Ward looks to “self-help” in tough budget times
Although the University of Wisconsin–Madison faces stiff budgetary challenges, Interim Chancellor David Ward told the Faculty Senate Monday that there are avenues of “self-help” available to lighten their impact.
In the annual State of the University address, Ward said he sees new approaches to philanthropy, more need-based aid for students, and creative budget reallocations as keys to building on the university’s excellence.
Ward likened the state of higher education funding at public research institutions to a pendulum, which in past years swung between good years and bad years. Today, he said, it is difficult to imagine the return of the good years.
“My fear — and I’m not a prophet — is that the pendulum has fallen off its pin and is lying on the ground,” said Ward. “It’s incumbent on us to figure out strategies to cope with that fact.”
The good news is that those strategies are available, but require new ways of looking at the institution, its work and its funding.
For example, Ward said it might take additional ways of approaching philanthropy that will help to address critical gaps in the university’s base budget. UW–Madison needs at-large gifts to meet institution-wide initiatives as well as very tailored gifts to specific programs, he said.
“It will require us to address these needs internally first and then to leverage our self help into gifts,” he said. “Philanthropy will need assist us in promoting change.”
Wards also said that more need-based financial aid for students, probably with a major donor commitment would continue to be a priority, he said.
“Tuition will need to be pushed in a way that addresses specific educational improvements and these efforts should not embarrass us, because we all come from a tradition that wants to keep tuition as affordable as possible,” Ward said.
The interim chancellor also stressed the importance of administrative savings and stewardship of resources. He pointed to the importance of the Administrative Excellence initiative, an ongoing consultant’s study guided by university input to identify better ways for the university to manage its services.
The project is looking at ways to save money in business services, information technology, auxiliary operations, research administration and other areas.
“What I will insist on is that all savings go into a pot which will be strategically directed to some sort of innovation that is strategically valued by schools and colleges,” Ward said.
In the classroom and in departments across the campus, Ward hopes to see educational innovation. He said the university also needs to engage in a dialog about comprehensiveness and whether “our silos are, in fact, too small and too tall and whether we may need more bridges between them.”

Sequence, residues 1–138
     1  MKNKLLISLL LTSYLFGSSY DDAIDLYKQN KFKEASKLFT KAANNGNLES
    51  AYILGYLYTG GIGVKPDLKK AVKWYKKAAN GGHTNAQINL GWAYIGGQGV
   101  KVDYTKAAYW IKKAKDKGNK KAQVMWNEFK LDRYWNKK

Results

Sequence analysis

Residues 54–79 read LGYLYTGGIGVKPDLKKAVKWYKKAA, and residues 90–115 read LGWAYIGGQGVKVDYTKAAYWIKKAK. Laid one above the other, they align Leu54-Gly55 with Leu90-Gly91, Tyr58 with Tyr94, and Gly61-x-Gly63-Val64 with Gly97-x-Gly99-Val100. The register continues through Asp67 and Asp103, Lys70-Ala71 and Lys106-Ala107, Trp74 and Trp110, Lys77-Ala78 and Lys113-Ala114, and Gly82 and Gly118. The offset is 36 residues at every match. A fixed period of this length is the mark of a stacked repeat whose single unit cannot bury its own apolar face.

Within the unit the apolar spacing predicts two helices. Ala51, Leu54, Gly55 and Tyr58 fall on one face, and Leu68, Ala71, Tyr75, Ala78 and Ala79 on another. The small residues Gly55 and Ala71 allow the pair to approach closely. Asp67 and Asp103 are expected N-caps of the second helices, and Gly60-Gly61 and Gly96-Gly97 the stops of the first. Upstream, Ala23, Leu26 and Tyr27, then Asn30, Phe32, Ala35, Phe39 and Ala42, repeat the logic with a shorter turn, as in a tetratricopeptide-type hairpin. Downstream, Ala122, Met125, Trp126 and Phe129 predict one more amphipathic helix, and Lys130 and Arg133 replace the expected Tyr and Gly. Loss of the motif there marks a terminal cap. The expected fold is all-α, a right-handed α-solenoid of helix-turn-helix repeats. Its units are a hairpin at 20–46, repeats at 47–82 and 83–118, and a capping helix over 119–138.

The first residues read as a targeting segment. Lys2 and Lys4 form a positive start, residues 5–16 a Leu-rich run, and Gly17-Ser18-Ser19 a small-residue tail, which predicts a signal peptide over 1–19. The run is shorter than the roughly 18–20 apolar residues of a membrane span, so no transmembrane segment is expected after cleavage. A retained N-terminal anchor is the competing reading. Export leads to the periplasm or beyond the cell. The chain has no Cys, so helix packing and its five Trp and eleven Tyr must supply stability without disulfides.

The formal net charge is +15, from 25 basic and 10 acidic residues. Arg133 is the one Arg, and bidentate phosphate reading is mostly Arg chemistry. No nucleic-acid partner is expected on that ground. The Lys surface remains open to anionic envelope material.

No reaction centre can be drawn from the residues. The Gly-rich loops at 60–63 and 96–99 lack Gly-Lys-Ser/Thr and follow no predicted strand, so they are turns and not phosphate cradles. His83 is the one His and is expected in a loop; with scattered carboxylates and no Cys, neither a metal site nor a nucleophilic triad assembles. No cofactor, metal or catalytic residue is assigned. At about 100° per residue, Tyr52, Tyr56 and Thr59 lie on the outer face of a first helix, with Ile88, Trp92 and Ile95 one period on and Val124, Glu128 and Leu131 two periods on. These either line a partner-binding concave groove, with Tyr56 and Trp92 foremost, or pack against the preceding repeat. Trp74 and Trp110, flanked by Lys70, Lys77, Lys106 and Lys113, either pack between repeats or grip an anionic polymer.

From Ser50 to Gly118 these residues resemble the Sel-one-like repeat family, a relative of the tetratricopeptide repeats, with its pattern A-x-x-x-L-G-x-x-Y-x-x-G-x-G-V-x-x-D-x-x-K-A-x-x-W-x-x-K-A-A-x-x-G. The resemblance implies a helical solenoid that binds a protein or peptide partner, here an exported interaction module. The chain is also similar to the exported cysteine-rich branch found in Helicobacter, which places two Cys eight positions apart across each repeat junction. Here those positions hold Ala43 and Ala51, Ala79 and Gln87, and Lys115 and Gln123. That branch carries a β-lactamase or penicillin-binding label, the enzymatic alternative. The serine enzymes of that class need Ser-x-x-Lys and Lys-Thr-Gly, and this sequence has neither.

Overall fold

“We’re a comprehensive research university, but we need to decide how comprehensive we want to be,” he asked. “But there are important aspects of comprehensiveness that we don’t want to lose.”
Ward emphasized the importance of base-budget reallocations to maintain quality across the university. “Almost everything new we have done was with new money. We rarely scale our reallocations to support major change so an increased dependence on reallocation will be a skill we will need to nurture,” he said.
On another topic, the University Committee of the Faculty Senate and most other governance groups as well as many constituent groups of the University submitted letters to UW System President Kevin Reilly asking that Ward’s tenure as interim chancellor be extended to two years, delaying the start of a search for a permanent chancellor until fall 2012.
Following the speech, Ward said: “If two years makes more sense than one to other people, that’s OK with me.”
In other action, University of Wisconsin–Madison employees would be barred from carrying concealed weapons while in the course or scope of their employment, under a policy approved Monday by the Faculty Senate.
The policy, similar to a UW System policy now being drafted, states: “No employee shall carry or go armed with a firearm or other weapon at any time while in the course and scope of employment unless it is necessary as determined or approved by the chancellor or designees, usually the police chief.”
The policy does not apply to those employed as law enforcement officers.
Those violating the provision would be subject to employee discipline or dismissal. The policy is also expected to go before the Academic Staff Assembly, officials said.
A new law allowing concealed carry in Wisconsin takes effect on Nov. 1. In addition, the law provides the university may continue to ban concealed weapons in its buildings, athletic events, at campus events and where appropriate signage has been posted.
On Sept. 19, Physical Plant staff began installing signs on all building entrances informing individuals that firearms and weapons continue to be prohibited in buildings.